This seems like a good moment to thank the folks at the Network of Executive Women (NEW) Denver chapter for all their hospitality when they recently hosted me for a presentation entitled "From Thelma & Louise to Zero Dark Thirty: Women, Business & Business Lessons from the Movies."
One of the things that I've always been impressed about with NEW is the supportive atmosphere they create for people who attend their sessions, no matter what level they happen to occupy in their organizations. And that came across in spades at the NEW Denver event … from the companies that put money behind this important initiative to the obvious mentoring relationships that seem to exist there.
And, they had a wonderful idea for an ice-breaker going into the presentation. When people got there, they had to write down on a sticky note - and attach it to their badges - the answer to the following question: "In the movie of your life, who would you want to play you?"
That's a really interesting proposition, because it tells you a lot about someone's self-image and/or priorities if they choose Meryl Streep vs. Angelina Jolie, Julie Andrews vs. Jennifer Lawrence, or Julia Roberts vs. Tea Leoni. (Yes! There was a Tea Leoni in the group.)
So thanks to the board of the local chapter - one of NEW's newest, if I understand correctly - for bringing me along for the ride. It was a great time.
I just finished reading a terrific book entitled "Mad As Hell: The Making of Network and the Fateful Vision of the Angriest Man in Movies," by Dave Itzkoff.
Now, I'm reasonably sure that a "making of" book about a movie that came out in 1976 won't be considered kind of scintillating reading by everyone. But because I was a film major at Loyola Marymount University in 1976, not to mention serving as the campus newspaper's movie critic, I had a strong connection to the events described in the book. Network, after all, is one of the most prescient movies ever made, with writer Paddy Chayefsky and director Sidney Lumet accurately creating a satiric masterpiece that correctly foresaw so many of the changes that have taken place in the television industry and the news business.
If you've never seen Network, you should - it erupts with well-placed and well-measured literary bile, as Chayefsky uses his story and unforgettable characters - played by William Holden, Peter Finch, Faye Dunaway, Robert Duvall, and, memorably in two short but extraordinary performances, Beatrice Straight and Ned Beatty - to give voice to his concerns about a world run amok, a society in which the upper five percent gives little quarter to anyone else, and in which the disenfranchised are seeking a prophet - any prophet - to tell them what to do and what to believe.
The book does an excellent job of chronicling the development and making of Network - it isn't the most imaginative writing, but it doesn't need to be. The story speaks for itself.
I mentioned my "connection" to the events in the book, and there are two moments that are indelibly imprinted on my memory.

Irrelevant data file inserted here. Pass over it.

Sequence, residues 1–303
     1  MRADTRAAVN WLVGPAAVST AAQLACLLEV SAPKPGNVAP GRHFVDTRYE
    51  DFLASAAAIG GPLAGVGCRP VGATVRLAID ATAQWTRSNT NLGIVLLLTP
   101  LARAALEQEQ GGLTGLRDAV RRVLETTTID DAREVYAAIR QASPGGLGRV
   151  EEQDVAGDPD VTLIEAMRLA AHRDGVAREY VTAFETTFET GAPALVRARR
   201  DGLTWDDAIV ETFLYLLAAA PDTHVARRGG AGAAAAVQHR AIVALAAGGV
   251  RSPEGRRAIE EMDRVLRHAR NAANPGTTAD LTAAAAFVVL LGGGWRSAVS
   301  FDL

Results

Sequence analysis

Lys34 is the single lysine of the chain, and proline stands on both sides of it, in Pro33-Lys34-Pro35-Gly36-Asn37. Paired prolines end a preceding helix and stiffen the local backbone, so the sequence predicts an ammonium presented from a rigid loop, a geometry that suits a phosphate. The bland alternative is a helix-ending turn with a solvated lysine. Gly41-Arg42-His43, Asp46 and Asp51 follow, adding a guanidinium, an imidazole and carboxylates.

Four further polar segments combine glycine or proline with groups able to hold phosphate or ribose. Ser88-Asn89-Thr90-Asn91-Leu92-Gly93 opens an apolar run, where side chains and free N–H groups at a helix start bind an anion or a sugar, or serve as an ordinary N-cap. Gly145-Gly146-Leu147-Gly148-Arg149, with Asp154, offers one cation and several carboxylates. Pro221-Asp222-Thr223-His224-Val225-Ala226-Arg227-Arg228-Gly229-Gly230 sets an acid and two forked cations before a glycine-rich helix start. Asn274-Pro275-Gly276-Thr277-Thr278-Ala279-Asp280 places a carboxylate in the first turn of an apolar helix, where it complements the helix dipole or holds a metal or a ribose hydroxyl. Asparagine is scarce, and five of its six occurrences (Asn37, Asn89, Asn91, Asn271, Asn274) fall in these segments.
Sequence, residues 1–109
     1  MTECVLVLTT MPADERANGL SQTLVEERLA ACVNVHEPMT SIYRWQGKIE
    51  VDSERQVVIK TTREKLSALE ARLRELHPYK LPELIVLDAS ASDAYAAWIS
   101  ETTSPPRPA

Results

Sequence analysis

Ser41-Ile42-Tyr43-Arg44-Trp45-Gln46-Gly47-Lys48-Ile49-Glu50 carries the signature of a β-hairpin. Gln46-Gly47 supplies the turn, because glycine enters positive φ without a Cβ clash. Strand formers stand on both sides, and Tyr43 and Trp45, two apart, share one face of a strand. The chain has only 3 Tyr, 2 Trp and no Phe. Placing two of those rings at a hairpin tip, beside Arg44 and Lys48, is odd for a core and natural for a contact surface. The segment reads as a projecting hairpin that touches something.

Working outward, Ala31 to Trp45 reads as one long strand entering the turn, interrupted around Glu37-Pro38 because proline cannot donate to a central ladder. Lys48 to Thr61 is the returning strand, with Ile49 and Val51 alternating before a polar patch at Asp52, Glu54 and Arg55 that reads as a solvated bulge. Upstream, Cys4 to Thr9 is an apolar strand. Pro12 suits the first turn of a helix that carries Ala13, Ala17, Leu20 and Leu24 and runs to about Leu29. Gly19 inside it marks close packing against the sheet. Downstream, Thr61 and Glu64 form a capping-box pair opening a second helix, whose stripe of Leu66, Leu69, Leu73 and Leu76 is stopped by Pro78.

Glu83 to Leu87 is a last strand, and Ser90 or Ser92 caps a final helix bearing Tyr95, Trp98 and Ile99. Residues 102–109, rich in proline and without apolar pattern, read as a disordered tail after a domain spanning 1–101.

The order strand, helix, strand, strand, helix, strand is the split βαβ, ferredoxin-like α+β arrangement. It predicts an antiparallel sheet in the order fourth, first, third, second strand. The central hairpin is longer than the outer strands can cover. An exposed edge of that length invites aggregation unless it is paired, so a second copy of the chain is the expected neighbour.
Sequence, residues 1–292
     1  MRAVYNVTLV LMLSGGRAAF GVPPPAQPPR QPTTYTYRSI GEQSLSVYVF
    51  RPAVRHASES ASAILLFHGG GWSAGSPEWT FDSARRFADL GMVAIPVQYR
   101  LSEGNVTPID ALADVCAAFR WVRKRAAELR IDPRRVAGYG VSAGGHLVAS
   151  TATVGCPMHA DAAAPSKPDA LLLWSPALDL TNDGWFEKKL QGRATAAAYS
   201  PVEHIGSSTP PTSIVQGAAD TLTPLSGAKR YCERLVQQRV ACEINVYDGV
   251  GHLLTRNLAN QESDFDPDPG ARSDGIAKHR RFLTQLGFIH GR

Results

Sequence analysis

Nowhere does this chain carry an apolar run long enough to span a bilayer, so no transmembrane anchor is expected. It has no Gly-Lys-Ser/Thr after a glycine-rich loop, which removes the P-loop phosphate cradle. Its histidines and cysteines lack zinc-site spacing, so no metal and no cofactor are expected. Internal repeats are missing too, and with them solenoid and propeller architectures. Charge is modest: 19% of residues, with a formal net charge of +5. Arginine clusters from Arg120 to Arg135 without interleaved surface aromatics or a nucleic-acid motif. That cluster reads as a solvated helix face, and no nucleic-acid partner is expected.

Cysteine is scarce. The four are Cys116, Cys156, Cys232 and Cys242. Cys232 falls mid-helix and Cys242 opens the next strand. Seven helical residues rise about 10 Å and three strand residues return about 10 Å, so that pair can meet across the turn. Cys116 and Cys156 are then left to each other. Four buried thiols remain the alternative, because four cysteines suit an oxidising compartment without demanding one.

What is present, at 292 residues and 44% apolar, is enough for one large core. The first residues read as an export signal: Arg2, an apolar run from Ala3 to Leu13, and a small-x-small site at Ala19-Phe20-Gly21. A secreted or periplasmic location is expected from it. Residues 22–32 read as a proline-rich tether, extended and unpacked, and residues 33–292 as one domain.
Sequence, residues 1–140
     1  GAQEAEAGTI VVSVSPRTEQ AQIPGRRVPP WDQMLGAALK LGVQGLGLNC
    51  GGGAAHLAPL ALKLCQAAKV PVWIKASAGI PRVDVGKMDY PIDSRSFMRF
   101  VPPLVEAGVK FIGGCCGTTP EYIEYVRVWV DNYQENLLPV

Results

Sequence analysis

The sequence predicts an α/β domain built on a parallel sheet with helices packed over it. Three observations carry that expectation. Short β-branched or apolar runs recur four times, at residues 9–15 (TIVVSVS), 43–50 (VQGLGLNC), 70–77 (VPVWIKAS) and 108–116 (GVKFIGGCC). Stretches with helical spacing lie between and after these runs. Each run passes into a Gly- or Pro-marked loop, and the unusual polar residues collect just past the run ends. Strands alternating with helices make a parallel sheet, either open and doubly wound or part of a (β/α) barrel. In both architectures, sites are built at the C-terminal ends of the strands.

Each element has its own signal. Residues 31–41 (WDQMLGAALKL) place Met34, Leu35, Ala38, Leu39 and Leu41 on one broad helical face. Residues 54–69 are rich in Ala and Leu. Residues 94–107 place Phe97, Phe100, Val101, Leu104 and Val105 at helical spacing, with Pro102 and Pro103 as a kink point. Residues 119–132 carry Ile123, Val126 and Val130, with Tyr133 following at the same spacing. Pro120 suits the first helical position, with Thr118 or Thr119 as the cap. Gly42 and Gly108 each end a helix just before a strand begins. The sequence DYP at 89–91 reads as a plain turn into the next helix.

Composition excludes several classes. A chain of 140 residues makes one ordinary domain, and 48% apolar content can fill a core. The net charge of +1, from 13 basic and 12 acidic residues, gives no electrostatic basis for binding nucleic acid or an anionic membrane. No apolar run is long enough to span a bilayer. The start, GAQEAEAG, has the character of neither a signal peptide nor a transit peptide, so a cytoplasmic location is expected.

One was being invited, with numerous other film students, to go to an advance screening of Network on the old MGM lot in Culver City, which was followed up by a panel discussion with Lumet, Chayefsky, Dunaway and Finch. Heady stuff, if you're a 21 year old film students.
And then, several years later, I remember being in Central Park in New York on a Sunday morning and seeing Chayefsky walking across the park. He was wearing a tan trench coat, was carrying the Sunday New York Times, and seemed to be thinking about weighty ideas (though, to be fair, he may have been deciding where to eat breakfast). And I remember thinking to myself (still starting out in my writing career) that this is what a writer looks like.
Again, "Mad As Hell" won't be for everyone. But…if nothing else, go revisit the movie … and bask in the presence of film genius.
As I eagerly await the early May publication of the next Spenser novel by Ace Atkins (who, as has been well chronicled here, has taken up the mantle for the late Robert B. Parker), I note that Putnam, the publisher, and the Parker estate seem to be making a change in authors for the Jesse Stone series.
Up until now, Michael Brandman - who has collaborated with Tom Selleck on the Jesse Stone movies - has been writing the post-Parker novels. As I've mentioned here before, Brandman does not seem to be a natural novelist, and so they've chosen a replacement for the replacement - Reed Farrel Coleman, a writer with whom I am not familiar, but who is an Edgar nominee, has written a whole bunch of novels, and would seem to be better qualified.
I note that Coleman already has a series of mysteries featuring a former police detective turned wine shop owner named Moe Praeger … and this sound so promising that I've already downloaded one and eagerly await seeing what he'll do with Jesse Stone, beginning in September with "Blind Spot."
In the meantime, it's less than three weeks until the new Spenser. "Cheap Shot."
I have two beers to recommend to you this week … the Venice American Amber Ale, from the Venice Beach Beer Company, which is a really nice amber with touches of caramel … and the Primo Island Lager, from Hawaii, which just great when the sun is up, the beach is nearby and the last thing on your mind is work.
- KC's View: